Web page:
Drought Causes Brush Fire Concerns | NECN
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Drought Causes Brush Fire Concerns

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    NEWSLETTERS

    Fire spotters remained on high alert Monday, as drought conditions created high fire danger across Massachusetts. (Published Monday, July 25, 2016)

    Fire spotters remained on high alert Monday, as drought conditions created high fire danger across Massachusetts.

    "This summer has been really different for us," said David Celino, the chief fire warden for the Massachusetts Department of Conservation and Recreation. "We have had some abnormal fire occurrence levels, more than we have seen in 20 years for this time, this part of the summer."

    Firefighters had their hands full late last week battling a seven-acre fire near a scout camp.

    "Because it's so dry, the fire burns very deeply into the ground, takes a lot of water," said Sudbury Fire Chief Bill Miles. "In a spring or a fall brush fire, you might take the hose and spray it down for a minute or two and walk away. But this time of the year, because the fire burns so far into the ground, you spray it, and you think you have it out, and you turn around and it's rekindled again."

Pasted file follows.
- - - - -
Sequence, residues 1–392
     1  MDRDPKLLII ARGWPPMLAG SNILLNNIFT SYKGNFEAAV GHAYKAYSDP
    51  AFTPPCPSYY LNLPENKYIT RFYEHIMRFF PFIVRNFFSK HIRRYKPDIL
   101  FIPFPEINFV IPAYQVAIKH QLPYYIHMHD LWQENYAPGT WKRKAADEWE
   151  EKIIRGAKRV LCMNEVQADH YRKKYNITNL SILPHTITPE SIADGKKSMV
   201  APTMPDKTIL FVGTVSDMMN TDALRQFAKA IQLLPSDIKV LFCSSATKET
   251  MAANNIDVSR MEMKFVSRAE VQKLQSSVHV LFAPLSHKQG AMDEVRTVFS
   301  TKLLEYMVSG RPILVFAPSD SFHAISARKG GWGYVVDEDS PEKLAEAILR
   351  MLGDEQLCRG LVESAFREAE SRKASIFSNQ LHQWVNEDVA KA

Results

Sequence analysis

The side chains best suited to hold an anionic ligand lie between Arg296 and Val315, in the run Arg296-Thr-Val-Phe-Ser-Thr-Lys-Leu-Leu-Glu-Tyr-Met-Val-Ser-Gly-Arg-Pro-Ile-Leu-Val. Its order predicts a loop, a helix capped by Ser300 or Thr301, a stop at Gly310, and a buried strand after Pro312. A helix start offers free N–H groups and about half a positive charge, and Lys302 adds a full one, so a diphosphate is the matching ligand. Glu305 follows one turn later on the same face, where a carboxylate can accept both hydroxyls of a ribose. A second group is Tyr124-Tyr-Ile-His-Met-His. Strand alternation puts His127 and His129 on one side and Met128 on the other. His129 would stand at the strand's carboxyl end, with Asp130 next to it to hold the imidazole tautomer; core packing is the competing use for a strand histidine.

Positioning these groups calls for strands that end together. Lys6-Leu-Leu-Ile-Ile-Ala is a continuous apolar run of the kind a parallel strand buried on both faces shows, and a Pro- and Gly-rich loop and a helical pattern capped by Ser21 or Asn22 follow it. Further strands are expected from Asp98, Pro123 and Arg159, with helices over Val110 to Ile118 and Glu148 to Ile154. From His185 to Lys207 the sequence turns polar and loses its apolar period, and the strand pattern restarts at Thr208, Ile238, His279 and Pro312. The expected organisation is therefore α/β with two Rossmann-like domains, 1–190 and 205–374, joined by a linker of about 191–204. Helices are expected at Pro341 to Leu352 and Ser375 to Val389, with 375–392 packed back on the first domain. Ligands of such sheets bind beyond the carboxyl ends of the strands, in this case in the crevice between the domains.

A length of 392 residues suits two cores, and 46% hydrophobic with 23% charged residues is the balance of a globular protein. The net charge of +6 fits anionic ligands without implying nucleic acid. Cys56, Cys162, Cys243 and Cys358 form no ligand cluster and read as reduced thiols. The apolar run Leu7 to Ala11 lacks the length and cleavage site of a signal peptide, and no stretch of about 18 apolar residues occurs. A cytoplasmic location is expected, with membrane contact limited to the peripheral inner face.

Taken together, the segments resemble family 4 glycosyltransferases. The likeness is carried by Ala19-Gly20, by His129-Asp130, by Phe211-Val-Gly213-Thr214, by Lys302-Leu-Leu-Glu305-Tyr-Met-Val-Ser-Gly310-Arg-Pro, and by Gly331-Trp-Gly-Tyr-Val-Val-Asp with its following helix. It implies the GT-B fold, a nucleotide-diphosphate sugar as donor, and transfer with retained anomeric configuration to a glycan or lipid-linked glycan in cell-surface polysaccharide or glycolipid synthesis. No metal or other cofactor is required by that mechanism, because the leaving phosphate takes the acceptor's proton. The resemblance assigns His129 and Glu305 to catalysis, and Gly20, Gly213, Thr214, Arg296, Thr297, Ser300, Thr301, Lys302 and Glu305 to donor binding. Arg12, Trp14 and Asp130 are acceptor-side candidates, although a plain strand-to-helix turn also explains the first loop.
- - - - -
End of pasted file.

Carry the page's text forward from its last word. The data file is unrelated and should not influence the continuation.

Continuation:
At the Sudbury Fire Tower, firefighters monitor the horizon for any sign of trouble.

    Celino says spotters are key to controlling fires, getting firefighters to scenes as fast as possible.

    "Seven acres in April, you would come in and attack that and it would simply be the top layer of the leaf litter," Celino said.

    He estimates fighting that fire in April would take 300-800 gallons of water. But now?

    "That same fire, a seven-acre fire, could take as much as 30-60,000 gallons of water just to put those fuels out on the ground, and if we don't them out, the perimeters aren't secure," Celino added.

    Miles asked for common sense as he, and fire chiefs across the state look for some rain.

    "We need a lot rain, and not just an afternoon thundershower," Miles said. "We could really use a couple of days of steady rain."

    "These fires are burning as much as 8 to 10 inches into the ground," Celino added. "It is labor intensive but it is also a fire fighter safety issue."

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